From Puerto Rico, a Powerful Voice

“Our students are better with Quaver than without it. Simple as that.”

by Kristin Clark Taylor

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Quaver teacher Adriana Kraiselburd poses with her young musician son, 5-year-old Adrian. Says Adriana, in San Juan, Puerto Rico: “After Adrian finishes his virtual classes, he loves to come out of his room and watch me plan the (virtual) Quaver lessons for my class! One of his favorite songs is, ‘Hey, Mr. Beat Boy!’

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During a time when so many companies and classrooms have been shuttered and so much of life has been redefined, we’ve still been able to forge ahead. To stand strong. To stand together. To come together, across time zones and territories, with cutting-edge, cloud-based technology that allows our teachers to, well, to teach.

And to teach well.

Adriana Kraiselburd, who teaches Pre-K through 5th-grade music at Robinson School in San Juan, Puerto Rico, relies on this cutting-edge, cloud-based technology – QuaverMusic, based in Nashville, Tennessee – to close the distance gap that virtual learning creates. She describes QuaverMusic as “the game-changer.”

“When I first discovered Quaver, it brought my teaching to a whole new level,” she says from her living room-turned-classroom in San Juan. “I’d never seen anything like it. Today, even though I’m teaching virtually, I can see my students growing and learning right in front of my eyes.”

Adriana, who’s relatively new to Quaver, says she knew she had to have the curriculum in her classroom the second she saw it – no if’s, and’s, or buts about it. Like most new resources, though, the additional expense had to first be approved by school administrators. She says this was the rare case where no convincing or cajoling was necessary.

“I didn’t have to spend time convincing my supervisors — I’d been using the pilot so they could clearly see the benefits it was bringing to our students. They saw it with their own eyes, so they were fully and immediately supportive about making the investment, which is saying a lot in this tough economic climate. It was a no-brainer. Our students are better with Quaver than without it. Simple as that.”

This is one teacher who really did her homework:

“I researched Quaver by reviewing their website, which was really informative and engaging,” she says, “and by following their teacher Facebook page. Hearing these Quaver teachers from all over the world talk about how they use Quaver in their classroom really opened my eyes. I saw how much it meant to them. And I thought, “Well, I’m going to work to get Quaver for my students!’”  

So she kept digging. She kept doing the work (and the homework) to find out more. Adriana says she also carefully reviewed the results of the Quaver teacher surveys on the company’s website and was inspired by what she saw.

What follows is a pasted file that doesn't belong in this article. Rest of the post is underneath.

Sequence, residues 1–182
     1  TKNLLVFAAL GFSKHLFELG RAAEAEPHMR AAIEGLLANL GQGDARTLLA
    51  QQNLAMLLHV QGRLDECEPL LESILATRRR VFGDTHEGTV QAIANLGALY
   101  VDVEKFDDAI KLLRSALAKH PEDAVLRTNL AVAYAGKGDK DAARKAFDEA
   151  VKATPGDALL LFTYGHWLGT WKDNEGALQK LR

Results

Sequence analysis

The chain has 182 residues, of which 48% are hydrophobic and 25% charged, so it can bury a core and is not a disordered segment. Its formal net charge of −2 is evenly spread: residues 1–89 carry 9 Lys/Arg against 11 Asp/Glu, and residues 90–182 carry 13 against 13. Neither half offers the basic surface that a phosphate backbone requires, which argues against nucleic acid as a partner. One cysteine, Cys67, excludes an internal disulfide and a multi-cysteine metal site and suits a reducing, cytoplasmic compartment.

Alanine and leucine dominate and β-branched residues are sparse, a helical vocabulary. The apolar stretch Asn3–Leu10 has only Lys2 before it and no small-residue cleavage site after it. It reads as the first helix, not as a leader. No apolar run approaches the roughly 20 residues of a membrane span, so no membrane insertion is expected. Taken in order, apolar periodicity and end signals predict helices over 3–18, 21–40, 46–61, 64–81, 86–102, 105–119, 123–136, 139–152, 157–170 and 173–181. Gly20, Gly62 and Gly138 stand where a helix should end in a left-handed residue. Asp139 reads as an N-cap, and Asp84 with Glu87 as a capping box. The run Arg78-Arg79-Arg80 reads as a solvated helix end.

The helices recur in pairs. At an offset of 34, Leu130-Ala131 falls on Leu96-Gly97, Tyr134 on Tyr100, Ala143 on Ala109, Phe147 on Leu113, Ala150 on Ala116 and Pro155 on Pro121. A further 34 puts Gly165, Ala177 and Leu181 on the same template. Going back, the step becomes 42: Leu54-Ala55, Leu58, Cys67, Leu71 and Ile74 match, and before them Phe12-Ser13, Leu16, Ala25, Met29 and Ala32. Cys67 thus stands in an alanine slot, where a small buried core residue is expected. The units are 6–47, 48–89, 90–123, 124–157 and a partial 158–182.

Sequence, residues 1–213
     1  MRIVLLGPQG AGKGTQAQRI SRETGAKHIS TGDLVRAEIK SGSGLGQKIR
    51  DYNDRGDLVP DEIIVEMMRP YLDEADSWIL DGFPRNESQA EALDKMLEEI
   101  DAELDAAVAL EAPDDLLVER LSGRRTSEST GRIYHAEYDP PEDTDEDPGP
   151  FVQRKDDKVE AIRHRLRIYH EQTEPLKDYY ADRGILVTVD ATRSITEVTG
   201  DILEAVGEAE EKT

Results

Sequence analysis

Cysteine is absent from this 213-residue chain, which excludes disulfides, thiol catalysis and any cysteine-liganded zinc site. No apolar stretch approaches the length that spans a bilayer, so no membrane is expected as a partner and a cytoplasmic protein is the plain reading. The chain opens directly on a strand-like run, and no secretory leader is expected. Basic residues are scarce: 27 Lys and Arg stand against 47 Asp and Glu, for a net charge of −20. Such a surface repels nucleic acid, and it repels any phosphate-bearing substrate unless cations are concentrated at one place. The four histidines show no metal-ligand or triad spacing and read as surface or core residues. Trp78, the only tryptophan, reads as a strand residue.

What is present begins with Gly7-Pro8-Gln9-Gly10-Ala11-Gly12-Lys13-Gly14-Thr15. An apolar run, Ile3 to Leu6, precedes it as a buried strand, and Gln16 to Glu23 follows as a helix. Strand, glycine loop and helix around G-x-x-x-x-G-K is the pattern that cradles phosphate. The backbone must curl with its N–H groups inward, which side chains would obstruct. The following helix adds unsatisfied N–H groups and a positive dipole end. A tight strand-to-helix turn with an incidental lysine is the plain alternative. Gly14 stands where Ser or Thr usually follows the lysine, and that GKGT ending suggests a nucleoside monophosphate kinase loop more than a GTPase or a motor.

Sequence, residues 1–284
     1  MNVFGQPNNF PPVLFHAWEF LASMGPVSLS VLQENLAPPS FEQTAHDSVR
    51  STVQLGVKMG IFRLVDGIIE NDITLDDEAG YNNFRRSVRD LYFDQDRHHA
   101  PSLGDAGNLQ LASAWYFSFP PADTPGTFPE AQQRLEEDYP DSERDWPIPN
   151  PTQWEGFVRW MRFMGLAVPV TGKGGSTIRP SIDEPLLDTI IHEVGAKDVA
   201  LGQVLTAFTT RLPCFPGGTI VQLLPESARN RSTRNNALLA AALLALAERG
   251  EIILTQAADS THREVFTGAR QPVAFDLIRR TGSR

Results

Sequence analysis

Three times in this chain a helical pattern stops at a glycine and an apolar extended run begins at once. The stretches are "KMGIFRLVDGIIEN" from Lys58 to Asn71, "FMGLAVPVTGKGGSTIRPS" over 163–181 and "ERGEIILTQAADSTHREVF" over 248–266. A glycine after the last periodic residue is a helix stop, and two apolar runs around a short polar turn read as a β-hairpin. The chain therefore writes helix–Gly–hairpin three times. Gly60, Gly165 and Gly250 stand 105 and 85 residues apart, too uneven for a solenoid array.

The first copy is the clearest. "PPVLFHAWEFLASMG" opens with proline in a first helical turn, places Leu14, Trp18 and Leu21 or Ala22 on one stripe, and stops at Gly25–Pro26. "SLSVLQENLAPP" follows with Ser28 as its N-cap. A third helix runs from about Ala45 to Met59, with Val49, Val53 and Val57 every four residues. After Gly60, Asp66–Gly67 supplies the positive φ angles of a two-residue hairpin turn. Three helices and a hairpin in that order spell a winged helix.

“When I saw the teacher surveys that showed the impact that Quaver was having on students, it really blew me away. I took those surveys to my supervisors, too. The numbers from those surveys really helped me make my case.”

Results of teacher survey shown as bar chart

Now Learning is a Family Affair

Adriana says her youngest students are constantly asking for the super-popular Quaver song, “Stinky Pirates.” And because her students are learning from home, she sees the song has also become a favorite for parents, too!

Indeed, positive parental involvement is on the rise: “Parents are sitting down to sing and learn with their kids! This never would have happened before; not to this degree, anyway. I thank Quaver for this.”

In a recent lesson on meter, she asked her 2nd-grade students to grab their dolls to dance the waltz. “Most of them didn’t even need to grab their dolls! They just grabbed their parents and danced the waltz with them! I could see and feel them learning the meter of three! Before Quaver, how would that have happened?”

She ticks off other favorites: “My students go crazy for, ‘Whisper, Talk, and Shout and Sing,’” she says happily. “They love to sing the “shout” part at the tops of their lungs! Especially since we’re all feeling pretty isolated these days, being able to sing a song that actually celebrates how we can communicate with each other comes at the perfect time.”

Music Takes Center Stage

Before the shutdown, she says, music class remained almost hidden offstage. “Unfortunately, music was always kind of pushed to the side” – but today, that’s no longer true. “Today, everyone can clearly see what an important tool it is.”

Inside the school shut-downs lies another silver lining – higher attention spans and greater engagement. “When I use Quaver, I generally have 100% participation. Because they’re having so much fun, my little ones sometimes don’t even realize they’re learning! They’re interested! And they’re not distracted.”

Even when schools fully reopen again, Adriana is certain that Quaver will stand front and center in her classroom.  

“This resource is very useful while we’re in this virtual learning phase,” she says, “but it will be just as useful — if not more! — when we’re back in the classroom.”

That kind of sustainability, that kind of enduring value, is how excellence is defined.

And excellence, as we all know, is the most enduring value of all.

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Kristin Clark Taylor is an author and journalist.